[Editor's Note
(Schultz): As said so many previous times, nothing serves as a wake-up call for security as much as a serious security-related incident.
(Liston): Note: The issue here is the lack of an approved version of whole-disk encryption, not with OSX itself. Apple Fanboys: Return to standby. Nothing to see here-- you may safely return to caressing your MacBooks and iPhones.]

Obviously FileVault would be 'approved' if they bothered to notice it was there in Mac OS X.

(Also note that I pointed out Mr. Liston's lack of professionalism in an email I sent all over SANS. I got into a friendly back and forth with the President of SANS, a very nice fellow. He assured me of Mr. Liston's skills and privately told me that he pulls troll manoeuvres such as the above as a way of blowing off steam during a long boring day of security analysis, wink wink. Hopefully my efforts will shut the guy up in the future).

4) Discuss the fact that Mac OS X uses the PDF document format as part of its foundation, and that any PDF can be locked such that only a user with its password can open it. Discuss how locked PDFs are used in the work environment.

5) Discuss your implementation of PGP or GPG (the free Open Source version of PGP) in your work environment. Sources:

6) Apple has some security documents relevant to Mac OS X Server:

a) Mac OS X Server - Security Configuration - For Version 10.4 or Later - Second Edition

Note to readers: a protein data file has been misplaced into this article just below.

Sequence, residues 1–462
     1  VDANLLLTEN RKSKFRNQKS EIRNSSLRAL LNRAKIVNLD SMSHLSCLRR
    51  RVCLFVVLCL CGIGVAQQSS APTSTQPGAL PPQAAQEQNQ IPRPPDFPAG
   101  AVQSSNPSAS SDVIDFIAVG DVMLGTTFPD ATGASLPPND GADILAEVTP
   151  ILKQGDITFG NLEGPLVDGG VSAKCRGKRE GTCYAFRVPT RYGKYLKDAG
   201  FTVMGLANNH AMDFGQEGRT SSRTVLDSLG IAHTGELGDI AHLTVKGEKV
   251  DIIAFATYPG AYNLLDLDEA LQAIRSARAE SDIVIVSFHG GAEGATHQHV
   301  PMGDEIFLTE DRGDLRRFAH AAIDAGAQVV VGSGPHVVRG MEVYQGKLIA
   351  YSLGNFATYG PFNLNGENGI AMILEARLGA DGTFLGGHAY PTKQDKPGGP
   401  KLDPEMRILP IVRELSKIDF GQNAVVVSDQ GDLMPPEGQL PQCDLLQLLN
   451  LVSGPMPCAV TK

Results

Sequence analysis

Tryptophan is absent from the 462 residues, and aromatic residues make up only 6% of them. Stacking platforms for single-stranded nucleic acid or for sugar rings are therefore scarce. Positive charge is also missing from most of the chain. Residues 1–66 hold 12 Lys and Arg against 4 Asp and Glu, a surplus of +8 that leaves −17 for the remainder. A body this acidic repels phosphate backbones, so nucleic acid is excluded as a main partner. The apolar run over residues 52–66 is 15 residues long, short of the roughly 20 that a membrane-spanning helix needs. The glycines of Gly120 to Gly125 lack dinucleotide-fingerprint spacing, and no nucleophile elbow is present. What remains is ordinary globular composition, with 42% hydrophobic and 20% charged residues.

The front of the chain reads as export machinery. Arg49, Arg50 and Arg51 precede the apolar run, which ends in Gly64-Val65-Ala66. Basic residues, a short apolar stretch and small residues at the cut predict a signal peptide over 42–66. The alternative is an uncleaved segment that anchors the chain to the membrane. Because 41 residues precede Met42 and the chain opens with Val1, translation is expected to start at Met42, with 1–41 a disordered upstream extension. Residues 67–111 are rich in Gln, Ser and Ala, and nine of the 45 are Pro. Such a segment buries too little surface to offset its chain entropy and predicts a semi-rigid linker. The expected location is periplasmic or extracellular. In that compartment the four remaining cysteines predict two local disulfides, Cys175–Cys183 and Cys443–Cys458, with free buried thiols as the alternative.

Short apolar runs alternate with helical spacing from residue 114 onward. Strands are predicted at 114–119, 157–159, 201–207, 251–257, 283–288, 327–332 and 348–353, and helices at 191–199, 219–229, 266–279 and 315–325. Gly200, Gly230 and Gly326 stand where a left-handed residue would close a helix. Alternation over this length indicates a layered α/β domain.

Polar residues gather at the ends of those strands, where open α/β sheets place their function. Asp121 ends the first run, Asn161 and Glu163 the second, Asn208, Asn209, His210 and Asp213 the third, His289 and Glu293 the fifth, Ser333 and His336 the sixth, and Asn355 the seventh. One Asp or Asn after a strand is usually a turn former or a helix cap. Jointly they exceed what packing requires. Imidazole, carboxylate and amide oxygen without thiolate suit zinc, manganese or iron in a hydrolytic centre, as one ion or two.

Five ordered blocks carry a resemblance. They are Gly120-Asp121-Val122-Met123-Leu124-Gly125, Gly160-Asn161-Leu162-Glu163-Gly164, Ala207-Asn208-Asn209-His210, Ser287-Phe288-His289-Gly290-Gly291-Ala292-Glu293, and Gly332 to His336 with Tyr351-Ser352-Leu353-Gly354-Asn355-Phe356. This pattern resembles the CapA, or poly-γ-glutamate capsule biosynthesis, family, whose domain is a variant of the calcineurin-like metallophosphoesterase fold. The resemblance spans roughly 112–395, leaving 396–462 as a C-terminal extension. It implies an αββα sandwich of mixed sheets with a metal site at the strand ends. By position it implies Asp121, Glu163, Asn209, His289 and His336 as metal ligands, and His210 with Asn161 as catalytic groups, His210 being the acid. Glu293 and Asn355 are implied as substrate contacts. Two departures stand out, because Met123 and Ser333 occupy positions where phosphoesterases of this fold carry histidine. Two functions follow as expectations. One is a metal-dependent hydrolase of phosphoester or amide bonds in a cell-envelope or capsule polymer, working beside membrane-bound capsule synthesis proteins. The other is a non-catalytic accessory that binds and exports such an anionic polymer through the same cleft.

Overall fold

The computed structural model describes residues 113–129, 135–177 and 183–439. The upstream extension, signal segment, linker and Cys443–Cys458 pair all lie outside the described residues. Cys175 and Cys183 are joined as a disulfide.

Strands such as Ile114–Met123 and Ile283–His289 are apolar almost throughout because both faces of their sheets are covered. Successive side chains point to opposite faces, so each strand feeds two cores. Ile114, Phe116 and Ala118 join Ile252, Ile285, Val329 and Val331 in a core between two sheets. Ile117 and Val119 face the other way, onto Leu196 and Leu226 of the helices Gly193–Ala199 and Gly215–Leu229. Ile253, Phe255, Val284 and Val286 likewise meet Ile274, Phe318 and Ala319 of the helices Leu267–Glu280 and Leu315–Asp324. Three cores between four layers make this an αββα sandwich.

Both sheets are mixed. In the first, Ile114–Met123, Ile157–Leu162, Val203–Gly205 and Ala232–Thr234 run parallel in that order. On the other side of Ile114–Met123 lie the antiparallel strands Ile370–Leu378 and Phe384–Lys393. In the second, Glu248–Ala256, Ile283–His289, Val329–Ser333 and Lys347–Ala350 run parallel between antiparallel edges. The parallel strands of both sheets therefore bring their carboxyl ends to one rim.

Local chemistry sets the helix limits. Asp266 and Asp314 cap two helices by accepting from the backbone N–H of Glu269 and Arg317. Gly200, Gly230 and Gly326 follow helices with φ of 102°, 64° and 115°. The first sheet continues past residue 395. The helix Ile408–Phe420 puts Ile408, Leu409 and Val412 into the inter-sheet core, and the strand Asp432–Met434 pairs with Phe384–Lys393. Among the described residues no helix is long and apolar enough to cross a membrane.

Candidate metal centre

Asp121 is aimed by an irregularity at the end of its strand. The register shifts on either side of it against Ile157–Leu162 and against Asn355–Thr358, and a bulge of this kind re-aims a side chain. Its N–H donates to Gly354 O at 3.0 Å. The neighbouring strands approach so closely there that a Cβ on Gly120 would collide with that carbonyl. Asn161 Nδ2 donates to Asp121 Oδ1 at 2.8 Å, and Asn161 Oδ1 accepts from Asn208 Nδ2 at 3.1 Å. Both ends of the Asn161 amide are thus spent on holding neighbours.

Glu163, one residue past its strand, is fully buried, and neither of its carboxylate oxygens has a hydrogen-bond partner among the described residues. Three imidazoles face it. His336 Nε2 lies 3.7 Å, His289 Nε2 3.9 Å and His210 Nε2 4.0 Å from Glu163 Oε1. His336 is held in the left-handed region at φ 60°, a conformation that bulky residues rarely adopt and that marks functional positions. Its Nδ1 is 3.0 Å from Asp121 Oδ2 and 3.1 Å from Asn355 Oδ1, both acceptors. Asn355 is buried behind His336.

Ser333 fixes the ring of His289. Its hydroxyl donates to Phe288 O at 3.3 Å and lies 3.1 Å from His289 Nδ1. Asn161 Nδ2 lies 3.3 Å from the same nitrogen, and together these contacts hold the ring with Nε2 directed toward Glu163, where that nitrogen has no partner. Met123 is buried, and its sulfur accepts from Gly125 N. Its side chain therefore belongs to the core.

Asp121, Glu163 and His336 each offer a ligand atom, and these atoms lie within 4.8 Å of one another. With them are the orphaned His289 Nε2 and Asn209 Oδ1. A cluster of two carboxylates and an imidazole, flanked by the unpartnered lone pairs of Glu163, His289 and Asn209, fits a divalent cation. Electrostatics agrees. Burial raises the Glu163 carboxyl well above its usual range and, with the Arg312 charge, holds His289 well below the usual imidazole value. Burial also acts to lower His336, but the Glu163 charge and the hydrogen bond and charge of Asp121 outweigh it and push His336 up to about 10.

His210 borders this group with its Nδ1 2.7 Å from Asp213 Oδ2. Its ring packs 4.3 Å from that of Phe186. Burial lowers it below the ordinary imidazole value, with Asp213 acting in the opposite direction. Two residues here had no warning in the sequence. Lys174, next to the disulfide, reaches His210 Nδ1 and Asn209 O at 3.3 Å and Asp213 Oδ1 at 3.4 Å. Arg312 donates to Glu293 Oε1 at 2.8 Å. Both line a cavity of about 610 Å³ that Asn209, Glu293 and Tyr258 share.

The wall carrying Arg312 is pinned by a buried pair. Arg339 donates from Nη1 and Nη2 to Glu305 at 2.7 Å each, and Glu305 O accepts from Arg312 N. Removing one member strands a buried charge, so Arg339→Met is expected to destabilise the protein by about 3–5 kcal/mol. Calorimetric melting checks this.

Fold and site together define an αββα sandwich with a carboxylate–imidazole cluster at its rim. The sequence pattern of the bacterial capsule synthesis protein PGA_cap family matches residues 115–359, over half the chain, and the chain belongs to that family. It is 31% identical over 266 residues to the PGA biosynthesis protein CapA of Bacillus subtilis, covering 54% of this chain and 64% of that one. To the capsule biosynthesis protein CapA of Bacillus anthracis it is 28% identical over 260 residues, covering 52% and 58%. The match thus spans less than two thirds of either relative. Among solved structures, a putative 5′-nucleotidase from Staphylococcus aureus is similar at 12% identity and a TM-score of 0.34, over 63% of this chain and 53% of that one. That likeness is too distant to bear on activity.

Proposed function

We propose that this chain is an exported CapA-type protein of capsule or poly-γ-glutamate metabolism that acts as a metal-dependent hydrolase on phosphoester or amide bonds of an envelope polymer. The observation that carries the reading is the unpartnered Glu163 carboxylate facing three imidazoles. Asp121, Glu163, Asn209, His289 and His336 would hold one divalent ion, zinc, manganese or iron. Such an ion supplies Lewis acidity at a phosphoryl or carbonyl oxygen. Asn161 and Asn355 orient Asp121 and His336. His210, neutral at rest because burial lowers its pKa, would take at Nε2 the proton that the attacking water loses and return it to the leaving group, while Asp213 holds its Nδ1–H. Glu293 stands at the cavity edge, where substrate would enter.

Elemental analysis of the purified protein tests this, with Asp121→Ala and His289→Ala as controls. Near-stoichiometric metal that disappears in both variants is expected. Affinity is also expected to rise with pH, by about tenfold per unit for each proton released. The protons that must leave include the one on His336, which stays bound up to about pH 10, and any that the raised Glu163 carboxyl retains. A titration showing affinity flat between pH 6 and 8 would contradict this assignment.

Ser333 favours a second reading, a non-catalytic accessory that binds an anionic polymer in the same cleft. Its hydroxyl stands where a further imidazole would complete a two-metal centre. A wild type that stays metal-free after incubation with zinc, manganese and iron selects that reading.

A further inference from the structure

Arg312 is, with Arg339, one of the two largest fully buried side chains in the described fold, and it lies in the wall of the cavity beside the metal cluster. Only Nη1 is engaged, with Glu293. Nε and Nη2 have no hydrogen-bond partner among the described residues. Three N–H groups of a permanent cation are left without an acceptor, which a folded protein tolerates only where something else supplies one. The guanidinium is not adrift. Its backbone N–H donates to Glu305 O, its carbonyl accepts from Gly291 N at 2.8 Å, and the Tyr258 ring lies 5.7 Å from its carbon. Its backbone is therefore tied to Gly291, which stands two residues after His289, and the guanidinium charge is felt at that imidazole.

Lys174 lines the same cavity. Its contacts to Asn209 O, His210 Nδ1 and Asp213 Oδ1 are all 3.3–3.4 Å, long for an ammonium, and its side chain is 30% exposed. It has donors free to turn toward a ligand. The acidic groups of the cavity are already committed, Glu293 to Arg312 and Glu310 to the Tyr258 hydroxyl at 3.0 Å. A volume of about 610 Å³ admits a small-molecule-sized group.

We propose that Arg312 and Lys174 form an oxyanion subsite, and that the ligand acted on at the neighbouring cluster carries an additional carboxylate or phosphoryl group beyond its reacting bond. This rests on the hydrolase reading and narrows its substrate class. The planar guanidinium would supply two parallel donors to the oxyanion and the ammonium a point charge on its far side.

- If an update is provided specific to Leopard Server, it will be posted on the Security Configuration Guides page:

b) Mac OS X, Mac OS X Server: Protection for sensitive files when using Apache on an HFS+ volume

c) Mac OS X: How to keep network computers secure

d) Mac OS X Leopard - Features - Security

7) Apple also offer their Security-Announce mailing list. You can get it via email or via RSS:

Bonus Points:

1) Some nifty security statistics from March 2008 to quote in defense of Mac OS X's excellent security record:

An excerpt from the Zone-H Statistics Report 2005-2007, the number of registered computer attacks:

OS ________ | Year 2005 | Year 2006 | Year 2007
MacOSX ________ 2.139 _____ 2.247 _____ 1.488
Windows 2003 _ 72.377 ___ 183.953 ___ 114.137

To quote M. Sharp from Insanely-Great Mac:
"Assuming that the Mac's server market share is growing—the most-recent data on Apple sales I could find (Q2 of last year) had unit volume up 78 percent—then the above figures indicate that attacks are declining absolutely even as the number of servers increases proportionately and absolutely."

2) Apple provide references to security related software from third-party vendors at their 'Macintosh Products Guide' pages:

a) Go to the Mac Software/Products and Utilities page. In the 'Sub-category' popup menu choose "Security" and hit the Search button. Today there are 135 security related apps listed.

b) Go to the Mac Software/Servers, Networking & Communications page. In the 'Sub-category' popup menu choose "Security" and hit the Search button. Today there are 20 related apps listed.

You could also search for software firewalls, hardware firewalls, etc.

That should get you going!


Derek Currie

© 2008-04-15 Derek Gordon Currie